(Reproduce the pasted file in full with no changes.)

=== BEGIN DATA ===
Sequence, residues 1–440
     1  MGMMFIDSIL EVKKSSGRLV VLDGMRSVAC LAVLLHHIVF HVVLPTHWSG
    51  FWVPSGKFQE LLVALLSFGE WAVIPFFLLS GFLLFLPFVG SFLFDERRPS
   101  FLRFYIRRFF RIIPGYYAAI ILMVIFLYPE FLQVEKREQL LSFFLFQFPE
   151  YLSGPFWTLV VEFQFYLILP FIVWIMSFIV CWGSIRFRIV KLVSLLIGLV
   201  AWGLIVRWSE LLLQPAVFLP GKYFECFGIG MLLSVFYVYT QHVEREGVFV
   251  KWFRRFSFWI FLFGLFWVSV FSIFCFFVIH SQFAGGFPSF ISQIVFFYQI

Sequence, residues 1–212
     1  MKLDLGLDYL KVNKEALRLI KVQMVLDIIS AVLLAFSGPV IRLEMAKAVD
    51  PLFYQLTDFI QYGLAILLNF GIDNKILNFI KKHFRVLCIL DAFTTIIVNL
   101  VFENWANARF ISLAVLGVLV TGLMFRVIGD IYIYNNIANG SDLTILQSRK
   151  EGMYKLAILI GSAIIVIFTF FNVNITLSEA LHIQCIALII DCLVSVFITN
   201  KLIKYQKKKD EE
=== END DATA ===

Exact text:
Sequence, residues 1–440
     1  MGMMFIDSIL EVKKSSGRLV VLDGMRSVAC LAVLLHHIVF HVVLPTHWSG
    51  FWVPSGKFQE LLVALLSFGE WAVIPFFLLS GFLLFLPFVG SFLFDERRPS
   101  FLRFYIRRFF RIIPGYYAAI ILMVIFLYPE FLQVEKREQL LSFFLFQFPE
   151  YLSGPFWTLV VEFQFYLILP FIVWIMSFIV CWGSIRFRIV KLVSLLIGLV
   201  AWGLIVRWSE LLLQPAVFLP GKYFECFGIG MLLSVFYVYT QHVEREGVFV
   251  KWFRRFSFWI FLFGLFWVSV FSIFCFFVIH SQFAGGFPSF ISQIVFFYQI

Sequence, residues 1–212
     1  MKLDLGLDYL KVNKEALRLI KVQMVLDIIS AVLLAFSGPV IRLEMAKAVD
    51  PLFYQLTDFI QYGLAILLNF GIDNKILNFI KKHFRVLCIL DAFTTIIVNL
   101  VFENWANARF ISLAVLGVLV TGLMFRVIGD IYIYNNIANG SDLTILQSRK
   151  EGMYKLAILI GSAIIVIFTF FNVNITLSEA LHIQCIALII DCLVSVFITN
   201  KLIKYQKKKD EE